Even our staid and august firm isn’t above a little Game of Thrones clickbait.
After nineteen years in the wilderness, an old king has returned for his throne. The House of Microsoft is once again the most valuable company in the S&P 500 and, as of last month, is the sole occupier of the “4% Club” (i.e., weighting in the index).
Microsoft and Apple are the only two members of the 4% Club that have been able to revisit that magic threshold a second time. At the height of the tech bubble, Microsoft enjoyed a stint of 12 months in the Club—topping out at a 4.9% weight at the end of 1999. Over the next year, the firm’s market cap deflated rapidly (along with everything else Tech related) and lost 60% of its value. An initial bounce-back attempt faded, and over the next 15 years the firm was either a step behind its competitors or cleaning up a self-inflicted mess. Product flops like Zune and the acquisition of Nokia highlighted the missed mobile opportunity. The disaster of Windows Vista and the rolling security flaws that plagued IT departments had the market questioning the firm’s core competencies. And who could forget the original Microsoft Surface that launched in 2008 as a $10,000 interactive coffee table?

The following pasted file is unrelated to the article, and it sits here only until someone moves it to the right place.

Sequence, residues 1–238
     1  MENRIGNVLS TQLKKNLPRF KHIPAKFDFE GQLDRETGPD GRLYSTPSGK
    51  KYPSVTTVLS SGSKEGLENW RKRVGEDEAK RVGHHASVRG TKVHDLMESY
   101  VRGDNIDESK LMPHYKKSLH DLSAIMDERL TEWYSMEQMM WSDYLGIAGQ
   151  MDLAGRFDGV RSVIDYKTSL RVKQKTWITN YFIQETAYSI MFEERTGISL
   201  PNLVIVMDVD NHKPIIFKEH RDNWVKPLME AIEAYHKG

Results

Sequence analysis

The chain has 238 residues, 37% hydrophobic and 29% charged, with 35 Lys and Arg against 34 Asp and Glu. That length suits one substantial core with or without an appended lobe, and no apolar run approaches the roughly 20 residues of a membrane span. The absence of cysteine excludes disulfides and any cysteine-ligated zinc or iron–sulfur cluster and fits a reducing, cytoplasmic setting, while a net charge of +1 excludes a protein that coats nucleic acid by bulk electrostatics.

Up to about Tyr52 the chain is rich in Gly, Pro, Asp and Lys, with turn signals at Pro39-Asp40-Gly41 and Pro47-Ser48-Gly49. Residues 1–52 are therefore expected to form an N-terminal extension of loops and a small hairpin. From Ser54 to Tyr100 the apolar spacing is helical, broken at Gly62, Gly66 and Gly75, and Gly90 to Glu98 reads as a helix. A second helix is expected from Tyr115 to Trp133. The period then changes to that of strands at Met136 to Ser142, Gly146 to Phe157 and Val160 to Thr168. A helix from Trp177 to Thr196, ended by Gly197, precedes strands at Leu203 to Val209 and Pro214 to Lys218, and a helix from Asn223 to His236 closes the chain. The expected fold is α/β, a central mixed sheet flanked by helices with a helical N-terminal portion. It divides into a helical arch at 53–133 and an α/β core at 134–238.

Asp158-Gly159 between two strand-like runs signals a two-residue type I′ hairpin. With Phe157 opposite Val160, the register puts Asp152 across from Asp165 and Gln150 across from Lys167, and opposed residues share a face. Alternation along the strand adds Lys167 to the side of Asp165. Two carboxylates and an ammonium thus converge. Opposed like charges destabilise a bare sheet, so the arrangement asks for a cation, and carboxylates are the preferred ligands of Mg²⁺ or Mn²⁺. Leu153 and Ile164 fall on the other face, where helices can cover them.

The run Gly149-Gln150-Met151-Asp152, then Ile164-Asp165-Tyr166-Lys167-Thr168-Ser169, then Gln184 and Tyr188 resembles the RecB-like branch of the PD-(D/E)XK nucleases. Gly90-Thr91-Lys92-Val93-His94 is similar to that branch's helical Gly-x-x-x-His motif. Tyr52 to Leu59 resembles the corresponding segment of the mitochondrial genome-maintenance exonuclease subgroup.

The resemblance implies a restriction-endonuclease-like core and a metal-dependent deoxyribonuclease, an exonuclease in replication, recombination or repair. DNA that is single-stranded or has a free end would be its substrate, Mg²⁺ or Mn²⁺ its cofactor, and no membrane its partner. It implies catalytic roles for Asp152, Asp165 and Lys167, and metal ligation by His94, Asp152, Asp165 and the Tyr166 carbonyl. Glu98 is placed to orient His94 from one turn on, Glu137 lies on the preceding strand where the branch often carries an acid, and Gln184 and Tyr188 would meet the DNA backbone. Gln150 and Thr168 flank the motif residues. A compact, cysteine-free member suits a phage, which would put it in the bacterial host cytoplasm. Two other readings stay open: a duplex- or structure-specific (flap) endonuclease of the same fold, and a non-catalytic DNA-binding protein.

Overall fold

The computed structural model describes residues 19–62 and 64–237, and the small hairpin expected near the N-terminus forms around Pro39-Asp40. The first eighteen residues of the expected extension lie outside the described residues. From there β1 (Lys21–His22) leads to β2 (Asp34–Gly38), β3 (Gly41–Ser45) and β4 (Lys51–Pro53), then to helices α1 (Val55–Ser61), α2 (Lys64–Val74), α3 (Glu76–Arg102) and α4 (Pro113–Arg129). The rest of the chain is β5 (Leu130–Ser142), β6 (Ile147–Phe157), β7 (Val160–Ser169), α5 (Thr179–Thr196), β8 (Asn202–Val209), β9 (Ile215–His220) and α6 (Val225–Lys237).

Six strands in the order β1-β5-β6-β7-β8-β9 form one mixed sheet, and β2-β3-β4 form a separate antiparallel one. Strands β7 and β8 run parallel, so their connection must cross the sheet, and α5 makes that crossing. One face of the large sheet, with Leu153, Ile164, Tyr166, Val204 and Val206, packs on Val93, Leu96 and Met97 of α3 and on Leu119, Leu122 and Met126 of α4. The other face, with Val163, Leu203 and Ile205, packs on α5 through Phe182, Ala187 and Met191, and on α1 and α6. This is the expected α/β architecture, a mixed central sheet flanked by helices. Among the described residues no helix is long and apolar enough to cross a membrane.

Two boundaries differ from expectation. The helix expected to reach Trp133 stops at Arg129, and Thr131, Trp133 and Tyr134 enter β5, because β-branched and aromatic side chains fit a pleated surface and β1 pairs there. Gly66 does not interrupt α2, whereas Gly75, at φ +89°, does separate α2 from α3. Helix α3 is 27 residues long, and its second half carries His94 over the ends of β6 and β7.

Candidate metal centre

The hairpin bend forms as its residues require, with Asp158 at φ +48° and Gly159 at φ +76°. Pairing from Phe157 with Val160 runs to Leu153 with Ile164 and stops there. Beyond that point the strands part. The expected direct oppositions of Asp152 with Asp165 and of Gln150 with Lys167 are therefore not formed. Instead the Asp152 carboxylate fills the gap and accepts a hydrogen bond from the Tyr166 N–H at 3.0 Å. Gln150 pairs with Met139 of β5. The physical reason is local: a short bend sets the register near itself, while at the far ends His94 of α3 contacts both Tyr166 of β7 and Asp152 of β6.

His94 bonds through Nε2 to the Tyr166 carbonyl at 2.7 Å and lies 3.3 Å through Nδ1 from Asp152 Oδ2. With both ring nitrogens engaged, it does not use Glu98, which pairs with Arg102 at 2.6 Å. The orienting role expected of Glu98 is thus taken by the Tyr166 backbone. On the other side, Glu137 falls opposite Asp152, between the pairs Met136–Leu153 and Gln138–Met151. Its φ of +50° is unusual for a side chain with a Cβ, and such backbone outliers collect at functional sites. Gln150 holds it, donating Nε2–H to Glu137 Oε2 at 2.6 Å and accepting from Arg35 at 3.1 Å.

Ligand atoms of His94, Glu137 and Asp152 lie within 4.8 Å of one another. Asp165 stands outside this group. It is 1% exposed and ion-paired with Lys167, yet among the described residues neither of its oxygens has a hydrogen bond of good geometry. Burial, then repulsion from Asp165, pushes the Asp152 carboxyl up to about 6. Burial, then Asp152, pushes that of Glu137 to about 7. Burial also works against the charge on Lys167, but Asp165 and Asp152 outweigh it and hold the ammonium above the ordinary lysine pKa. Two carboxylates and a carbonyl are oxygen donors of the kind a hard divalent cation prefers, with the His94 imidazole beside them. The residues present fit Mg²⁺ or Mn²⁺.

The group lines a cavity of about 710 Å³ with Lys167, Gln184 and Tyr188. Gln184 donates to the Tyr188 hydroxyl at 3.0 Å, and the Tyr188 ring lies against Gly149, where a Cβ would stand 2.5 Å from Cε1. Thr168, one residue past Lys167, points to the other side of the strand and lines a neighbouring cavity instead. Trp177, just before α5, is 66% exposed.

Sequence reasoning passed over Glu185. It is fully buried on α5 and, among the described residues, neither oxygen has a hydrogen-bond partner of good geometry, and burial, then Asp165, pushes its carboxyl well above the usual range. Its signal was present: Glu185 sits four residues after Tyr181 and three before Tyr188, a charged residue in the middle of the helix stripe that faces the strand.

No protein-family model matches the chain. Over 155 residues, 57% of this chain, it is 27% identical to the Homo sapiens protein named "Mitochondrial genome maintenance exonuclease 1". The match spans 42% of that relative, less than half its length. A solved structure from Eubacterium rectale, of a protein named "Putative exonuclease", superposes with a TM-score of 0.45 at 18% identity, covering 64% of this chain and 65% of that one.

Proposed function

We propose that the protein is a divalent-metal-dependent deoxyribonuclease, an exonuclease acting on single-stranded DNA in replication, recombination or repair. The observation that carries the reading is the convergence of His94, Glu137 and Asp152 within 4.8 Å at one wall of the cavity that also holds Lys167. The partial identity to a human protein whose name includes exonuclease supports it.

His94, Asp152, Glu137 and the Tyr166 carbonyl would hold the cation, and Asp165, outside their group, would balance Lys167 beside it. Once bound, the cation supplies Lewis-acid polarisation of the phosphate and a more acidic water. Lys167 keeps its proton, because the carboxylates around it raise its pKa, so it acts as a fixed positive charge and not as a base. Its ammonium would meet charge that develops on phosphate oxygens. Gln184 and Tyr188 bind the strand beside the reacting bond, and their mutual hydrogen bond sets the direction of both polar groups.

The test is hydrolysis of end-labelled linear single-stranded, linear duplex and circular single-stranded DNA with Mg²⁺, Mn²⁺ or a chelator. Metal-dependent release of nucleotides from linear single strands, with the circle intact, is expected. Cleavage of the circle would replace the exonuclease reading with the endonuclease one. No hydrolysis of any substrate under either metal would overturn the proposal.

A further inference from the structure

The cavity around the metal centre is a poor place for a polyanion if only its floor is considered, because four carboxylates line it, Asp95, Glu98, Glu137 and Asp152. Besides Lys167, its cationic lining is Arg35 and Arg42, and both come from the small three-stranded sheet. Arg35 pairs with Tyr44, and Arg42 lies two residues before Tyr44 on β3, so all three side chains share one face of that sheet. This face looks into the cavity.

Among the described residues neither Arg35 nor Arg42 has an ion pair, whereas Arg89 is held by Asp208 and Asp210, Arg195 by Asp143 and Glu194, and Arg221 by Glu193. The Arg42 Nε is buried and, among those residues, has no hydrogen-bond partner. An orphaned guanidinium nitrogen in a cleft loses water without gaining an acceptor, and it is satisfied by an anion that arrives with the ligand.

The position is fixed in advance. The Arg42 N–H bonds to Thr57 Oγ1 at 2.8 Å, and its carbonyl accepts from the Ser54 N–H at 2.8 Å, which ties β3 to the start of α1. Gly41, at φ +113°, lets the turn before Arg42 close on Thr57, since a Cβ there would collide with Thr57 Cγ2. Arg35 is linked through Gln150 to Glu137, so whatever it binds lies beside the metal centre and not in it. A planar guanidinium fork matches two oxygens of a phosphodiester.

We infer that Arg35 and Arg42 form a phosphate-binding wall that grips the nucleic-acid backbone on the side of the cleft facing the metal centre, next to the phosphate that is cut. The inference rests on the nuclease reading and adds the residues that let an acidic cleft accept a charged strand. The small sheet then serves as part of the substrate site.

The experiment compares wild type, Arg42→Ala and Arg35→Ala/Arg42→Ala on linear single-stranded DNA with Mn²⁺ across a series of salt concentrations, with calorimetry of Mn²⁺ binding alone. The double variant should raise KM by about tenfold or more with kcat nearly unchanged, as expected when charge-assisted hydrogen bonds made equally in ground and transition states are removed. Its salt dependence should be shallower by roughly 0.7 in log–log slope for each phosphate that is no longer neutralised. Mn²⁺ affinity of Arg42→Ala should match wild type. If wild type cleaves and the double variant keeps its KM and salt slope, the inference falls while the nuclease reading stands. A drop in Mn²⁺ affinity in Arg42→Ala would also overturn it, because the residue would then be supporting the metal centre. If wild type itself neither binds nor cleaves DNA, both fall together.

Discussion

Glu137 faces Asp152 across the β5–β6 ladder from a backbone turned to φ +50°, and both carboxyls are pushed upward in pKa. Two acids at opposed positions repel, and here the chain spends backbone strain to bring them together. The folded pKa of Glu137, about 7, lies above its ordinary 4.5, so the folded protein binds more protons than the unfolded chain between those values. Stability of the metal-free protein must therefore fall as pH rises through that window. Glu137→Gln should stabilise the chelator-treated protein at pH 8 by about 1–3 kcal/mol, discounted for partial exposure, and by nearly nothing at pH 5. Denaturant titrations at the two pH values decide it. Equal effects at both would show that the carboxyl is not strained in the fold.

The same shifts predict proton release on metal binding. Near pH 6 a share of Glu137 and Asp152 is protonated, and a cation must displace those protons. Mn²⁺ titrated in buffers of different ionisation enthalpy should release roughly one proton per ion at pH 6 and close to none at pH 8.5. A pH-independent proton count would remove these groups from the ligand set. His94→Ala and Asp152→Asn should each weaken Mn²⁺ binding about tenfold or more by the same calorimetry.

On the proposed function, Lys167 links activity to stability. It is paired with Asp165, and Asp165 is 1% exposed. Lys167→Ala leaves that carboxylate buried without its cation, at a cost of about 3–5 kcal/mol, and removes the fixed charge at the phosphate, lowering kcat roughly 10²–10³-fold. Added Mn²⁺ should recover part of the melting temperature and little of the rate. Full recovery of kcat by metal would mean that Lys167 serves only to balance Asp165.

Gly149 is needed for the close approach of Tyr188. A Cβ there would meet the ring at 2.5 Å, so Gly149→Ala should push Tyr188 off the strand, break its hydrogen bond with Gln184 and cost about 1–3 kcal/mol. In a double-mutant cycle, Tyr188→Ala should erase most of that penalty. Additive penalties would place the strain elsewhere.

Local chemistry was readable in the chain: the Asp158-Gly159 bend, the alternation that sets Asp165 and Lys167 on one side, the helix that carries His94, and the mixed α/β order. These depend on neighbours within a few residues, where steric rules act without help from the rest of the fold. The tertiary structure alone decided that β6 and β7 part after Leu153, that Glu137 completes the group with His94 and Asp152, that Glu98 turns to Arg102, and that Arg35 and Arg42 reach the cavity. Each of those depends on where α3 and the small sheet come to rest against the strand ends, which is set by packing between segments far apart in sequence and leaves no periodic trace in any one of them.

A shift of focus back to business software and a big push into cloud computing helped the firm finally eclipse its tech-bubble market-cap high in September of 2017 ($600 billion). And, law of large numbers be damned, back into the 4% Club just 19 months later. But don’t roll the credits on the satisfied king surveying his conquered land. If history is any guide, in the near future, Winter will come for Microsoft in the form of underperformance. Whether it’s a barbaric hoard with fire-breathing dragons at your gate, or a thousand hungry firms looking to grow their revenues, the Iron Throne is a dangerous place to sit.